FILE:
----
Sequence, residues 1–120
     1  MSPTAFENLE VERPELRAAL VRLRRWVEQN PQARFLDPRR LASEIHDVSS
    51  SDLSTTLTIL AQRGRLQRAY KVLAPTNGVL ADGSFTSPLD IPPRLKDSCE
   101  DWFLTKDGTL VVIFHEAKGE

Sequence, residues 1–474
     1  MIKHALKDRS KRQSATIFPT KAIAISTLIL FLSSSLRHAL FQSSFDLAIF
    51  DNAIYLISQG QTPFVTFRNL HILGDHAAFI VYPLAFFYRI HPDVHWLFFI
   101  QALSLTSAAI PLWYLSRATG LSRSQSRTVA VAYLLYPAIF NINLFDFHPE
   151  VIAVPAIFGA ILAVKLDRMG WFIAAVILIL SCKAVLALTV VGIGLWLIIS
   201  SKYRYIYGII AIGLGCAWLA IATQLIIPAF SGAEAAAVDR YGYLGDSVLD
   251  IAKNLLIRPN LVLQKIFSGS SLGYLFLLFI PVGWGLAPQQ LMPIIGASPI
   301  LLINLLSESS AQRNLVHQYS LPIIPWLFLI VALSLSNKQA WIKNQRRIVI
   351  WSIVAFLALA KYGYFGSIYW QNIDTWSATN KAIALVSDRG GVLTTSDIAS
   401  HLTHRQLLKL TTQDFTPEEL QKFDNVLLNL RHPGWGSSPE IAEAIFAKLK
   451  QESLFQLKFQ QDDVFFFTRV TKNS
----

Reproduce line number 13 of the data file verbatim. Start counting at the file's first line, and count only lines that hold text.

   351  WSIVAFLALA KYGYFGSIYW QNIDTWSATN KAIALVSDRG GVLTTSDIAS